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Spokane, Washington  Est. May 19, 1883
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Kudzu extract may help control alcohol cravings

Joe Graedon and Teresa Graedon King Features Syndicate

Q. Some time ago you had a letter from a woman who was drinking too much wine in the evening and wanted to cut back. You told her about a tea or an herbal concoction to diminish her desire to drink. She had tried it and was thrilled with the results. What was it?

A. She took kudzu-root extract (available in health-food stores). Kudzu (Pueraria lobata) is famous as an invasive vine in the South. In its native China, kudzu has long been used to help people control their desire for alcohol.

New research (Alcoholism: Clinical and Experimental Research, May 2005) has found that young adults who were given kudzu pills for a week drank less than two beers at a simulated party situation. Those who had taken a placebo pill averaged 3.5 beers.

While kudzu extract won’t magically turn alcoholics into nondrinkers, it might help others cut back on booze.

Q. I have been diagnosed with high cholesterol and have taken two different medications, Zocor and Lipitor. I had to quit them because of muscle weakness and pain.

A friend told me about policosanol, a product she found in the health-food store. Her doctor recommended it since she also cannot take statin drugs. What can you tell me about this supplement?

A. Policosanol is a natural compound derived from sugar-cane wax, beeswax or yams. While it might not lower cholesterol as well as statin-type medicines, data suggest it can lower bad LDL cholesterol and even raise good HDL cholesterol.

Side effects are relatively uncommon and include mild stomach upset, headache, insomnia and skin rash. Policosanol may interact with blood thinners and increase the risk of bleeding. Finding a quality product may be a challenge, since the Food and Drug Administration does not monitor dietary supplements.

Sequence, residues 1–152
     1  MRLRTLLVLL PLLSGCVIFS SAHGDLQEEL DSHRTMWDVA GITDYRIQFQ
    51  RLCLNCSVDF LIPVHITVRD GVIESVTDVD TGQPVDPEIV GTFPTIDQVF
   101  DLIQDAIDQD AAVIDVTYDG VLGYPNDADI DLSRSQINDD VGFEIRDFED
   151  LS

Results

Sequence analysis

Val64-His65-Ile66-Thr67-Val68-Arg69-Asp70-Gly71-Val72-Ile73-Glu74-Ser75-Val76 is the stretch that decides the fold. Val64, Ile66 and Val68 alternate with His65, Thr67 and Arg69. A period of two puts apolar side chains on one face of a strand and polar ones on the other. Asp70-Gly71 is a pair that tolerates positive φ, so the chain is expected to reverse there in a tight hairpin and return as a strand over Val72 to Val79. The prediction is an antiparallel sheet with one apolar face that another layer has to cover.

Q. I cured my toenail fungus using a 50/50 mixture of vinegar and Listerine. I combined them in a quart jar with a screw-on lid and used a clean paintbrush to apply the liquid to the affected toes morning and night.

Then I put my socks on to keep it acting a while longer and protect the bedsheets at night. The fungus took about three months to clear up. It is slow-growing, but it is also slow to cure. I hope this helps someone else.

A. You combined a couple of favorite remedies. Many people have reported success soaking infected nails in 1 part vinegar to 2 parts water. Others got good results soaking their toes in Listerine. Such remedies won’t work for everyone and take several months to produce results.

For anyone who would like to learn more about a variety of simple approaches for nail fungus and other common problems, we offer our Guides to Home Remedies and Nail Care. Please send $3 in check or money order with a long (No. 10), stamped (60 cents), self-addressed envelope to: Graedons’ People’s Pharmacy, No. HR-311, P.O. Box 52027, Durham, NC 27717-2027.

Q. Ever since I read that too much vitamin A could be bad for bones, I have been arguing with the makers of Centrum and other vitamin manufacturers. They all say that 5,000 IUs is just fine. Help!

A. Several studies have indicated that even recommended amounts of vitamin A might weaken bones and lead to fractures. But new research (Journal of Bone and Mineral Research, June 2005) suggests that normal doses of beta carotene and vitamin A (like those in multivitamins) are not related to fracture risk.

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